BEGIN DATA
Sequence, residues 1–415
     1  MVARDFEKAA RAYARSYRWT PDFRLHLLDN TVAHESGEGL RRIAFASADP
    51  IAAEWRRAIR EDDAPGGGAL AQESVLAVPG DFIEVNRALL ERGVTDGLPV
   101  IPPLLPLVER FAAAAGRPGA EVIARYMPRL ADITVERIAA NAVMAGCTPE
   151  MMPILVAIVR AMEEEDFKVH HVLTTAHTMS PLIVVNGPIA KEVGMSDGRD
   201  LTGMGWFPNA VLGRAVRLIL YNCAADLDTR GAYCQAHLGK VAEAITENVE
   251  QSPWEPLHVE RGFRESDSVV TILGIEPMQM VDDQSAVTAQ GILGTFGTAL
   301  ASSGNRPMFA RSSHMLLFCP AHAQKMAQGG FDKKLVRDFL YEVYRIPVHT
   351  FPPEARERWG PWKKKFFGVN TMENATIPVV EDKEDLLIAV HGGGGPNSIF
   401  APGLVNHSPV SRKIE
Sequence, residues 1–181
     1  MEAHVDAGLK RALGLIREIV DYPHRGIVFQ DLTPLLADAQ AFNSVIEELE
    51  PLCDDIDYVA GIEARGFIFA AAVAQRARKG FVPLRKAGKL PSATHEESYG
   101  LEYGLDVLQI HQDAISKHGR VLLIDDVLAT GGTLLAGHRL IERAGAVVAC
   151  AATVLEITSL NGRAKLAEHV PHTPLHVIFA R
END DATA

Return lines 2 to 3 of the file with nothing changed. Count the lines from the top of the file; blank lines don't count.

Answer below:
     1  MVARDFEKAA RAYARSYRWT PDFRLHLLDN TVAHESGEGL RRIAFASADP
    51  IAAEWRRAIR EDDAPGGGAL AQESVLAVPG DFIEVNRALL ERGVTDGLPV